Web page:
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Excursus I. The Greek Vorlage of Thomas 12:2
In chapter 1, I have dealt with the “mixed signals” of saying 12. It is worth noting that the text
of this saying appears to be problematic. Since the analysis of Thomas 12 plays an important role in
my discussion of the date and compositional history of Thomas, it seems justified to give here a
treatment of the problems related to the text of this saying, especially since my translation of it
deviates from that of the Berliner Arbeitskreis.
The expression ŁĹġേĻŇġŇĩŇͩĩijേͧĹġʼn, “(the place) where57 you came from,” in Thomas 12:2 is
problematic. Quite remarkably, the Berliner Arbeitskreis offers two different interpretations of this
phrase. In the first edition of their translation of Thomas, they suggested that ŁĹġേrenders the Greek
expression ὅπου ἐάν, as it does in the Sahidic translation of Matt 8:19. According to their hypothesis,
in the Greek Vorlage ὅπου ἐάν was followed by a verb in the aorist subjunctive, which was probably
confused with the aorist in the indicative and thus rendered as the Coptic perfect. Assuming thatേͧĹġʼn
should be understood as ĩĹġʼn,58 they suggested the following rendering of ŁĹġേĻŇġŇĩŇͩĩijേͧĹġʼn:
“Wherever you will have come to.” This is essentially a translation not of the Coptic text, but of its
Greek retroversion, ὅπου ἐὰν ἔλθητε.59
It did not take long before this hypothesis was revised. According to the second, and much more
appealing, proposal of the Berliner Arbeitskreis, ĩijേͧĹġʼn in Thomas 12:2 stands in contrast to ģőĵേ
Ɠġ, “to go to,” and thus should express the idea of “coming from.” Indeed, there are reasons to suspect
thatേͧĹġʼn can be used as an equivalent of ĩģĿķേĻƙįŇƑേor ĩģĿķേͧĹġʼn.60 Thus, the definitive English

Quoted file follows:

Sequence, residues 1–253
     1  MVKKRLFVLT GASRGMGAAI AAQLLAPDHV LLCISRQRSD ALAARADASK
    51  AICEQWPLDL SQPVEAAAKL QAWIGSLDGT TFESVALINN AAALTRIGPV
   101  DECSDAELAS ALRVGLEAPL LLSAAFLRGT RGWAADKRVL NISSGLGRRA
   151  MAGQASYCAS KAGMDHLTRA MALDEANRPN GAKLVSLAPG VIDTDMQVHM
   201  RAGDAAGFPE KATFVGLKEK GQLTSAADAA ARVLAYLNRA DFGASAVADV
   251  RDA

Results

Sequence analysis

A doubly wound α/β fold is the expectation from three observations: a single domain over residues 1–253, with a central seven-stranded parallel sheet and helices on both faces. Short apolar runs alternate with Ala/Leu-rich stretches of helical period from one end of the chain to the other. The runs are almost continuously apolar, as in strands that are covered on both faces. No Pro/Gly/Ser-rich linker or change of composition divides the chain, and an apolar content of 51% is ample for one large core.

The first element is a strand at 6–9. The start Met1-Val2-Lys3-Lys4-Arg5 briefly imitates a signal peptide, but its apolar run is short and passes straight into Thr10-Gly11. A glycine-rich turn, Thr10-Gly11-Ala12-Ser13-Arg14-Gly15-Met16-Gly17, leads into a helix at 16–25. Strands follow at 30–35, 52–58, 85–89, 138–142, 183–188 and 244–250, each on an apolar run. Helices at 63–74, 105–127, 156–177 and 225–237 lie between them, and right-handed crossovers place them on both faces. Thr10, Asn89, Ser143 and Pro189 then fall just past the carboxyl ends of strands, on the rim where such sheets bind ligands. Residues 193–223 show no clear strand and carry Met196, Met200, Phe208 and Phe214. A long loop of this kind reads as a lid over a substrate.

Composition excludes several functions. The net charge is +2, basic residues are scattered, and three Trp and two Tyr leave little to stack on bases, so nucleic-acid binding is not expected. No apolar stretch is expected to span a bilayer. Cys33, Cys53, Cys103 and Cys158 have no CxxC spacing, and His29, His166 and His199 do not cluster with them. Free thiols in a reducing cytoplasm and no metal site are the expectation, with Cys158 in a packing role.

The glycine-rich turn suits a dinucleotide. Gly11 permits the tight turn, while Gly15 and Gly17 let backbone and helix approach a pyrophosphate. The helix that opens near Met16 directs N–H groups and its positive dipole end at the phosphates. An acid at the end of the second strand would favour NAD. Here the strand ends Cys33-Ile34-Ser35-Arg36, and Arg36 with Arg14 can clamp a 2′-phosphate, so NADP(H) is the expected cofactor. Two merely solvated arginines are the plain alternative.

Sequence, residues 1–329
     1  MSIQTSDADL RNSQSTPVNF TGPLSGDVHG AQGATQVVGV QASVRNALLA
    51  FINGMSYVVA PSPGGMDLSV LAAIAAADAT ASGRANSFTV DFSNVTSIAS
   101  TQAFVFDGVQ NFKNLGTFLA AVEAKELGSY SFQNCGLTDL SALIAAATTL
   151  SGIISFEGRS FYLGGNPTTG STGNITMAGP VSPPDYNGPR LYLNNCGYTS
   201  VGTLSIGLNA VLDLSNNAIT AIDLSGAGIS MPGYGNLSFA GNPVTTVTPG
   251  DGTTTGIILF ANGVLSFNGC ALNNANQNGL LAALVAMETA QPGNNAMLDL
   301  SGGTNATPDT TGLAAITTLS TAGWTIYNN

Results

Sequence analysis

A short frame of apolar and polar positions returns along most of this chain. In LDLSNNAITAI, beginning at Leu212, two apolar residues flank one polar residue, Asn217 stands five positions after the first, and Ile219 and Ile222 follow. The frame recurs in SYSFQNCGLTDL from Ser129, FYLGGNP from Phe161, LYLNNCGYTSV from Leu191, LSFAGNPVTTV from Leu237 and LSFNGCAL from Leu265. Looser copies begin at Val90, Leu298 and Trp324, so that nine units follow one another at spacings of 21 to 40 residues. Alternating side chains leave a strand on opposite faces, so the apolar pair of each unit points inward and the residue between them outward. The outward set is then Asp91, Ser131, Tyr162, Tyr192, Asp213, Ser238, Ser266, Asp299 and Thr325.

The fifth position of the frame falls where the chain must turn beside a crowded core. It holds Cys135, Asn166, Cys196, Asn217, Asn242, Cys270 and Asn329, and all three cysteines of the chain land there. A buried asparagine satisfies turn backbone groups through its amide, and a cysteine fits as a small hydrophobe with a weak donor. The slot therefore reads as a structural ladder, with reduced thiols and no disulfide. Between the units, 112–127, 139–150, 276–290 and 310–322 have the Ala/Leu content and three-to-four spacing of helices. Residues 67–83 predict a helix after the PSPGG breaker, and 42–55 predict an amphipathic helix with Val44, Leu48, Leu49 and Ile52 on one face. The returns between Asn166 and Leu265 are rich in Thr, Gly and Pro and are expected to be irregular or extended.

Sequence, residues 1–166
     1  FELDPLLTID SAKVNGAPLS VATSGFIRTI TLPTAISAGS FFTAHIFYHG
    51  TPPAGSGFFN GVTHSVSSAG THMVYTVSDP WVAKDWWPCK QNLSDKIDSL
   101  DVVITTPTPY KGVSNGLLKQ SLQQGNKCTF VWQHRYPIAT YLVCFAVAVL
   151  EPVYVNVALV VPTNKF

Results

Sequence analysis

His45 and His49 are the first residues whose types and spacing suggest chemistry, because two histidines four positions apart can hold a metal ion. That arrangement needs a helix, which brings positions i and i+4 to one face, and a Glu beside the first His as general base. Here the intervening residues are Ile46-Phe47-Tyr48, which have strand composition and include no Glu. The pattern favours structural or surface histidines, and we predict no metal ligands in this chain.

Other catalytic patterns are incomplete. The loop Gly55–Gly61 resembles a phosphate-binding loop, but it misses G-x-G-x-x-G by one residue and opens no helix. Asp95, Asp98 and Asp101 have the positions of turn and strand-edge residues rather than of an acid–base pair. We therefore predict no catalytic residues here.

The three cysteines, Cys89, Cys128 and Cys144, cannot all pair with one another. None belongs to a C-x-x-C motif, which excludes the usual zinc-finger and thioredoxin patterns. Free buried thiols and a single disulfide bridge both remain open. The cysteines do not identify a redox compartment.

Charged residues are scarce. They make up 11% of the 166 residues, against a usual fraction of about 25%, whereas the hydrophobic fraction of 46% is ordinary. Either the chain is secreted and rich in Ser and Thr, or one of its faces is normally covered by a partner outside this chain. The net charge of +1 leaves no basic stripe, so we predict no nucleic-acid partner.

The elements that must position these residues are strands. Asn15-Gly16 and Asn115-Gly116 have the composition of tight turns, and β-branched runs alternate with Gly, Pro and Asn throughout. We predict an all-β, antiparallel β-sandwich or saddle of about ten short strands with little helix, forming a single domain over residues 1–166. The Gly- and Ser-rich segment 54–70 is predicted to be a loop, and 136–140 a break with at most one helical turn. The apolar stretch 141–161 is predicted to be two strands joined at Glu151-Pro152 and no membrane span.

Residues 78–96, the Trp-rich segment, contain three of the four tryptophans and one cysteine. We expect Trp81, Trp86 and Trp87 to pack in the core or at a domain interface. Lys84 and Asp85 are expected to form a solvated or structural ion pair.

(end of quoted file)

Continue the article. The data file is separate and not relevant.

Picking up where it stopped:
translation of Thomas 12 prepared by the Berliner Arbeitskreis (and slightly modified by Stephen J.
Patterson and James M. Robinson) reads as follows:61
12:1 The disciples said to Jesus: “We know that you will depart from us. Who (then) will rule
over us?” 12:2 Jesus said to them: “(No matter) where you came from, you should go to James
the Just for whose sake heaven and earth came into being.”
Yet the text of Thomas 12:2 remains problematic for several reasons. First, the subordinate
clause ŁĹġേĻŇġŇĩŇͩĩijേͧĹġʼn is not linked to any element of the main clause and thus is seemingly
“hanging” onto nothing.62 One could argue that this indicates that the Coptic text is corrupt and needs
to be emended. Moreover, an examination of a similar anomaly in the Sahidic version of Matt 18:20
may seem to lend support to such a claim:
For ŁĹġേexpanded by a relative clause constituting a subordinate “where”-clause, see Layton 2011, 429 (§522).
It is worth noting that the substitution of ĩĹġʼn with ͧĹġʼn is a rare and late phenomenon; see Crum 1939, 197a.
See Aland 1996, 522; Plisch 1999, 526.
See Plisch 1998, 77; Bethge 1998, 45.
Patterson 2011b, 3; cf. Aland 1997, 522. This understanding of the Coptic text of Thomas 12:2 was embraced in Nagel
2014, 113.
A similar phenomenon also occurs in Thomas 30:1–2, but, since the text of saying 30 is even more problematic than
that of saying 12, it will be left out of the following discussion.
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